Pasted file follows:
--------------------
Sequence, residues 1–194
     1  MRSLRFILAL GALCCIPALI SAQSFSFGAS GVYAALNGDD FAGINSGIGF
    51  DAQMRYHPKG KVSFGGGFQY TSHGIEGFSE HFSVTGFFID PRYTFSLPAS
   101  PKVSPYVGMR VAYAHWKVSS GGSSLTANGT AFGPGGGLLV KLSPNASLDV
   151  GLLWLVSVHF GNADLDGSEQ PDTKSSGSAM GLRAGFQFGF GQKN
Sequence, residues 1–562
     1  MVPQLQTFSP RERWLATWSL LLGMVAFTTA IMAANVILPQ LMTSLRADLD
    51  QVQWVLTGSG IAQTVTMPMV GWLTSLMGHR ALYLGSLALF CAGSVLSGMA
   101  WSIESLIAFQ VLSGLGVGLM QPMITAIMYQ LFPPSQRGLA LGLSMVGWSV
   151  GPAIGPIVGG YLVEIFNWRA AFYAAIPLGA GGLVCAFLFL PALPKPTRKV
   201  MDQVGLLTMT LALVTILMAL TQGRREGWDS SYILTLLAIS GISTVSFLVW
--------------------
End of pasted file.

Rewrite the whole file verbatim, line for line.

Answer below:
Sequence, residues 1–194
     1  MRSLRFILAL GALCCIPALI SAQSFSFGAS GVYAALNGDD FAGINSGIGF
    51  DAQMRYHPKG KVSFGGGFQY TSHGIEGFSE HFSVTGFFID PRYTFSLPAS
   101  PKVSPYVGMR VAYAHWKVSS GGSSLTANGT AFGPGGGLLV KLSPNASLDV
   151  GLLWLVSVHF GNADLDGSEQ PDTKSSGSAM GLRAGFQFGF GQKN
Sequence, residues 1–562
     1  MVPQLQTFSP RERWLATWSL LLGMVAFTTA IMAANVILPQ LMTSLRADLD
    51  QVQWVLTGSG IAQTVTMPMV GWLTSLMGHR ALYLGSLALF CAGSVLSGMA
   101  WSIESLIAFQ VLSGLGVGLM QPMITAIMYQ LFPPSQRGLA LGLSMVGWSV
   151  GPAIGPIVGG YLVEIFNWRA AFYAAIPLGA GGLVCAFLFL PALPKPTRKV
   201  MDQVGLLTMT LALVTILMAL TQGRREGWDS SYILTLLAIS GISTVSFLVW